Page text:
Mounted between the outer shell 12 and the inner shell 20 is a helically wound metal coil 30 having one end projecting through an opening in the top section 22 for receiving air to be treated. The discharge end of coil 30 terminates adjacent a central opening formed in the bottom of the burner which is in communication with heater 18 suitably supported by an enclosed cylinder 32. As can be seen from the drawing, cylinder 32 is integral with cap 26 joined suitably through spacer 36 and butts at the far end against rubber gasket 33 inserted in the recess formed on the'bottom closure 24 of the inner shell 20. Spacer 36 carries a plurality of openings 42 which communicate internally with the cylinder 32 and the annularspace defined between cylinder 32 and inner shell 20. A catalytic bed generally indicated by numeral 16, which may contain suitable metal oxide catalysts such as manganese dioxide or precious metal catalysts, rhodium metal on alumina shown to be particularly efiicacious as an oxidation promoter, is supported in cylinder 32 between a suitable screen 41 abutting the spacer 36 and a second screen 40 supported to the top of heater 18. It is apparent from the foregoing that the inner shell 32 consisting of the heater and catalyst bed is formed into a single unit and is retractable through the opening covered by cap 26. The heater 18 comprises a suitable heating element helically supported in any suitable manner to the cylindrical wire support 43 which may be formed from any suitable material having a low thermal conductivity.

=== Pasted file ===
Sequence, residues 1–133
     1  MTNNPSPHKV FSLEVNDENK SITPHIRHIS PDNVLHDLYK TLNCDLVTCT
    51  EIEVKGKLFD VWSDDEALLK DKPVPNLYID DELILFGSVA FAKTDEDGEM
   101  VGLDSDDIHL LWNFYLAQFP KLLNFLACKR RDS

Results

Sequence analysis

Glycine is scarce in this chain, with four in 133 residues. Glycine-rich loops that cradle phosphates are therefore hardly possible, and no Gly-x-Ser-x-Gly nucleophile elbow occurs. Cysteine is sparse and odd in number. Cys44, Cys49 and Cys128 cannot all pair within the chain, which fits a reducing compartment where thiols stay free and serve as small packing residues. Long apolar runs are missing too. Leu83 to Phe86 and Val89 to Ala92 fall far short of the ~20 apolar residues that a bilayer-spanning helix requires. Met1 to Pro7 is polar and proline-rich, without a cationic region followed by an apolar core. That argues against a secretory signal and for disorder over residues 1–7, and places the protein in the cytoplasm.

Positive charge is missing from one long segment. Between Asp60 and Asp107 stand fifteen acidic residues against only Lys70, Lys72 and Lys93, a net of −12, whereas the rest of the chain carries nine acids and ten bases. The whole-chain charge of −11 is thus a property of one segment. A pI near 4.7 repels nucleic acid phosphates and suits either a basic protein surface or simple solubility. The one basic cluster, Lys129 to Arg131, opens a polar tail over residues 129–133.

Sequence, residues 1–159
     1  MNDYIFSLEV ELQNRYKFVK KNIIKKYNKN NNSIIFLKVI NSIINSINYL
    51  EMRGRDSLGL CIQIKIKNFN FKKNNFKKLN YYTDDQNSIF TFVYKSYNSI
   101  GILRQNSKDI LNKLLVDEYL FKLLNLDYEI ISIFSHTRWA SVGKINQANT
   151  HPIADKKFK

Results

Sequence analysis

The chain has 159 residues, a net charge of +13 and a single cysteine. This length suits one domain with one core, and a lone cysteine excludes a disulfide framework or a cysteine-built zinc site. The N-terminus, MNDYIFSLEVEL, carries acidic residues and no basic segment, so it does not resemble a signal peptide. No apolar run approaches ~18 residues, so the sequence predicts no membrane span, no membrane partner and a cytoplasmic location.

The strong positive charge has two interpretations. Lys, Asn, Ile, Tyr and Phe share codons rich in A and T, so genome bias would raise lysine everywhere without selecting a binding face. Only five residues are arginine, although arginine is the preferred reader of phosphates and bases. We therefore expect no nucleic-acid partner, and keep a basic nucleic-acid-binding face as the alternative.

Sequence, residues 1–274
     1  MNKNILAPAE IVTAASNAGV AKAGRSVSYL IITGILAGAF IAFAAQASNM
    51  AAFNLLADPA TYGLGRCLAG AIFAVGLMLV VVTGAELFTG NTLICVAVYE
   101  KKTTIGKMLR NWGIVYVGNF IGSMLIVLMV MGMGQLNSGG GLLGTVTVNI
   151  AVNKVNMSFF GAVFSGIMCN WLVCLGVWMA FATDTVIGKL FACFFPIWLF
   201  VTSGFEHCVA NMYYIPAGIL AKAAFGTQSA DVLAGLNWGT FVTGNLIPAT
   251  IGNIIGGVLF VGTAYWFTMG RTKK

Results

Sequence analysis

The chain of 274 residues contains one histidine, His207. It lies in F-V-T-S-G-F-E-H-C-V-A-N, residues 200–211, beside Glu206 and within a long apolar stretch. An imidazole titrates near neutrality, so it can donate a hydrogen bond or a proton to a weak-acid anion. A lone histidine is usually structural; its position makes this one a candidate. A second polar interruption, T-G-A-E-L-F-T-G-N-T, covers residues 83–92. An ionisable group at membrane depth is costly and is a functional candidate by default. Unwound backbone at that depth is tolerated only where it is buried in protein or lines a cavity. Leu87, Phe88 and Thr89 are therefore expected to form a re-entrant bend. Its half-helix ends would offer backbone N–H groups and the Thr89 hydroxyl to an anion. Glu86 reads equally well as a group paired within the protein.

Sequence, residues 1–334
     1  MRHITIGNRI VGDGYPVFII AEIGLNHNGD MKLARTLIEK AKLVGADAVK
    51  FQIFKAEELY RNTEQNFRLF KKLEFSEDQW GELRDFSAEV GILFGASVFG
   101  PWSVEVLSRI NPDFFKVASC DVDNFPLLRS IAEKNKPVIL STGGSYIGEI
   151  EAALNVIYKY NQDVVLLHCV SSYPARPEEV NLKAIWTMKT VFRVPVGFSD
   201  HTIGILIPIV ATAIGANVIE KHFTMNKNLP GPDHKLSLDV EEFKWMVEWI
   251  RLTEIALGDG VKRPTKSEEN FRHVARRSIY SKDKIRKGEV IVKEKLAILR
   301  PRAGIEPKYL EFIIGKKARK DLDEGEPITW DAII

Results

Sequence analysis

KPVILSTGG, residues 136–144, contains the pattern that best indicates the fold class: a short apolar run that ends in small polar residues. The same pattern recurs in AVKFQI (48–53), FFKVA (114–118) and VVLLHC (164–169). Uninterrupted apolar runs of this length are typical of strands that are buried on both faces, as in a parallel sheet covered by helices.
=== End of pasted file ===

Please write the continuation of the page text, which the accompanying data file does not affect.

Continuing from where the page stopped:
As noted from the drawing, breathable atmosphere comprising low parts per million carbon monoxide admitted to the coil 30 is directed in a helical path to discharge in the center of the catalytic burner. It is there turned and directed to the heating element 18 where it is heated and then transmitted directly to the catalytic bed 16 where the carbon monoxide is oxidized to carbon dioxide. The gases discharging from the catalytic bed 16 are then directed through the plurality of openings 42 where they are then directed down to the bottom of the catalytic burner through the annular space defined between the inner shell 20 and the container 32. The gas from here is then directed through opening 44 where it passes between the space defined by the adjacent coil of the helical coil 30 where eventually it discharges to the tube 46 projecting through the top casing member 22. In this arrangement it is noted that the gases emitted to the heater and the gases discharged from the catalytic bed are placed in indirect heat exchange relationship through the wall of container 32. Again, these gases emitted from the space defined from the heating cylinder and the inner shell are placed at indirect heat exchange relation with the gases entering the catalytic burner as they are passing through the helical coils. In this arrangement, as will be appreciated by one skilled in the art, eflicient oxidation takes place with a minimum of power consumption.